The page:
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Preservation of evidence in liability claims

Molly Mack

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When an organization or business owner is made aware of an injury or incident on their premises, the preservation of evidence is an important step in the claims process. In the immediate aftermath of an incident, organizations may overlook the importance of preserving evidence while trying to provide aid to the injured party. However, preserving evidence helps to ensure the best possible outcome for the claim.

Preservation of evidence steps

The first step in preservation of evidence is to determine what evidence is available. Valuable forms of evidence include photographs, surveillance, statements, incident reports, maintenance or repair logs, and physical objects involved in, or contributing to, the incident.

The next step is to secure the evidence. Obtain photos of the premises as soon as possible after notice of the loss is received. Photographic evidence should reflect the conditions of the premises at the time of loss. Be sure to capture the specific area of loss, all surrounding areas, any object which caused or contributed to the loss, and any mitigating factors, such as the lighting at the time of loss, any signage posted, and any supportive devices, such as handrails and handicap ramps.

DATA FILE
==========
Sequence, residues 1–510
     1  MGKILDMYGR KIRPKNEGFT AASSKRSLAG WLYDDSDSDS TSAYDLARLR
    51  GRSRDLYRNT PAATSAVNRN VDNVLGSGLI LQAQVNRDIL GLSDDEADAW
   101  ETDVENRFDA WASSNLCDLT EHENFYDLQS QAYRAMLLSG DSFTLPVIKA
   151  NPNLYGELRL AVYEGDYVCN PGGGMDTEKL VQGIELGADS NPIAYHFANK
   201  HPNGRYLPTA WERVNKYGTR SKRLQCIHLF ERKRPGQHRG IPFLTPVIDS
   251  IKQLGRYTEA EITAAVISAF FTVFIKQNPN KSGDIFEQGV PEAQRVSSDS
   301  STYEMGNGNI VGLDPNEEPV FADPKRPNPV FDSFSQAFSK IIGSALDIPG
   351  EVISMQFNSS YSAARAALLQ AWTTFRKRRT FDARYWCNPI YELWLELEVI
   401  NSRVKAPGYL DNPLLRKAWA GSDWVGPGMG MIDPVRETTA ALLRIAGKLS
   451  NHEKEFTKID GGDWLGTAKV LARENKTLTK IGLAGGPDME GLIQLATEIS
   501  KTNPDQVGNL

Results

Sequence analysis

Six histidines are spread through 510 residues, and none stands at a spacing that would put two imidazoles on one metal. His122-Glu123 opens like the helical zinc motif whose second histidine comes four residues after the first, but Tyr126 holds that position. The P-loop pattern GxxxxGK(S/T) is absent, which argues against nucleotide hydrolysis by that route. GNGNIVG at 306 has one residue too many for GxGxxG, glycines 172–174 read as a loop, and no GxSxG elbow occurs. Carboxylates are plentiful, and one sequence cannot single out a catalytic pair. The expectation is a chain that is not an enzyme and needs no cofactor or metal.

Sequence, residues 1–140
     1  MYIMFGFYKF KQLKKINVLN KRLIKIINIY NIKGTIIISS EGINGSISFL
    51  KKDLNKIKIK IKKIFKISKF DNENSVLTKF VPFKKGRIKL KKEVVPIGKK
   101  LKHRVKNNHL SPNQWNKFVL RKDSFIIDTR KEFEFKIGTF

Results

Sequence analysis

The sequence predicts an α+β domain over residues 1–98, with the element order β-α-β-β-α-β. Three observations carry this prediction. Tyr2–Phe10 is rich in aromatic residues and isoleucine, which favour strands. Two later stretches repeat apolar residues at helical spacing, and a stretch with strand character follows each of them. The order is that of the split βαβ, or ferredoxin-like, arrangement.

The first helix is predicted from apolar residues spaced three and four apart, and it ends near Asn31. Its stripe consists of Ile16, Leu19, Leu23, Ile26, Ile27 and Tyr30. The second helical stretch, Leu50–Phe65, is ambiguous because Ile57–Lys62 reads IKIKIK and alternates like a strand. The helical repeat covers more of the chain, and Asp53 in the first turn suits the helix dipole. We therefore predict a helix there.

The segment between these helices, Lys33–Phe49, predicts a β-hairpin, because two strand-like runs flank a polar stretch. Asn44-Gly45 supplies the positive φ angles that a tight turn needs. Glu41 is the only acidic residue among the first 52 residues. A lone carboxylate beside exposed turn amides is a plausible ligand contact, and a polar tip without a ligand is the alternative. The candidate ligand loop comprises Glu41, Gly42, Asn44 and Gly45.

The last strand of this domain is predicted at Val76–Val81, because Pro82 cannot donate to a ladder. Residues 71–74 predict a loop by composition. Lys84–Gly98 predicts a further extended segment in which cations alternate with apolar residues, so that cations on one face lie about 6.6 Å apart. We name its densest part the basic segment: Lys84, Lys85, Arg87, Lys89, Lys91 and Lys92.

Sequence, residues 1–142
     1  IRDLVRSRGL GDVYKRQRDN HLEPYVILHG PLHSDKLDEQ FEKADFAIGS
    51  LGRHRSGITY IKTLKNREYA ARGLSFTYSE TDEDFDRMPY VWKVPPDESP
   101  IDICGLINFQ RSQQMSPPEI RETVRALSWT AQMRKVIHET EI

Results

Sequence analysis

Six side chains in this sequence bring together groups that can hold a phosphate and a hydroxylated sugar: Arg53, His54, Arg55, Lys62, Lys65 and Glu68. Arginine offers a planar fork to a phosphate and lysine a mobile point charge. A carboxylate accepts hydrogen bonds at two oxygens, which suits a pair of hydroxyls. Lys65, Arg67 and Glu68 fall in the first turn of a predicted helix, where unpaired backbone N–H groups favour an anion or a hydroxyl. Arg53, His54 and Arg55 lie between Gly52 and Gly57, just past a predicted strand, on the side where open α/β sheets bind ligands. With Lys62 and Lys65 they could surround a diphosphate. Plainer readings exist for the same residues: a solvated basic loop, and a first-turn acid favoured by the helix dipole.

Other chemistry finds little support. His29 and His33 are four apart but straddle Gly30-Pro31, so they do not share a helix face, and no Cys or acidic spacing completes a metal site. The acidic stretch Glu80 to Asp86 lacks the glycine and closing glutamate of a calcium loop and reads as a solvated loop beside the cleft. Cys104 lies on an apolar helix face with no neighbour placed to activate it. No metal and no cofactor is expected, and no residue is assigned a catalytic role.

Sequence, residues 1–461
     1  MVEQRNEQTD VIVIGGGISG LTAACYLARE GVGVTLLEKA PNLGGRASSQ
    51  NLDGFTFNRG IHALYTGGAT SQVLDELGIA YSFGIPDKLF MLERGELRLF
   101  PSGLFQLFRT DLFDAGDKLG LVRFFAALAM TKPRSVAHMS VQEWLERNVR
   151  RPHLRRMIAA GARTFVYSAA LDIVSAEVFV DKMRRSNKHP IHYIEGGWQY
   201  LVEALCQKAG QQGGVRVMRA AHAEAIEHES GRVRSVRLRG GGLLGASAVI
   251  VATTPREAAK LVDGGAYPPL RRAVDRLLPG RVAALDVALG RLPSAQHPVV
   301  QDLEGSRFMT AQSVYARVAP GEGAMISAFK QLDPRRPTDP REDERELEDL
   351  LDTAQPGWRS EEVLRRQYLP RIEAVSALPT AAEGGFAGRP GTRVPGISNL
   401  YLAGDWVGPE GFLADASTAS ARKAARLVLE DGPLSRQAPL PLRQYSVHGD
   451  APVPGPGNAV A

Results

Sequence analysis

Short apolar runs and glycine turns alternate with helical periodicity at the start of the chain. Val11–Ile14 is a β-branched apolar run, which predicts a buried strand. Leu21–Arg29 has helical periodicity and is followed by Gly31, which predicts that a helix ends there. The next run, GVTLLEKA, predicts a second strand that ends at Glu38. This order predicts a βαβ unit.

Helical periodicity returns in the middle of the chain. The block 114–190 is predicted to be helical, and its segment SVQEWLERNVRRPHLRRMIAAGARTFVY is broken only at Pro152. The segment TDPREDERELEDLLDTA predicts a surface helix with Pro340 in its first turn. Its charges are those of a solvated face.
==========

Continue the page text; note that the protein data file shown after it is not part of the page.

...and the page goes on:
Secure any available surveillance footage immediately. Surveillance footage is often recorded over within days. It’s important to retain surveillance that supports the facts of loss before it’s destroyed. Surveillance can be one of the most useful types of evidence, as it can be used to support or refute obtained statements.

Obtain written statements from staff and witnesses present at the time of the incident. Details of the facts of the loss can be forgotten or confused between the time of the incident and the time the claim is reported. Request that the staff present at the time of loss prepare an incident report as soon as possible, while the facts of loss are fresh in their minds. Reports should include who was present at the time of loss and contact information for the claimant and witnesses, so that statements may be readily obtained in the future if necessary.

It’s important to collect and retain maintenance or repair logs as they may help show the condition of the area and/or equipment before the loss. If you contract for repairs or maintenance of the property, gather any contracts and invoices for these services on the date of loss.

Finally, retain any pertinent object(s) involved in the loss that caused or contributed to an injury. Don’t destroy or dispose of any object(s) involved in the loss. If there’s a defect with the object involved in the loss that caused or contributed to an injury, a claim may be pursued with the manufacturer.

After a loss occurs, be sure to preserve all evidence related to the loss. Once all evidence is located, retain the evidence until the claim has been resolved or the statute of limitations has expired. Doing so will help to ensure the insurer has the necessary information needed to properly evaluate the claim. 

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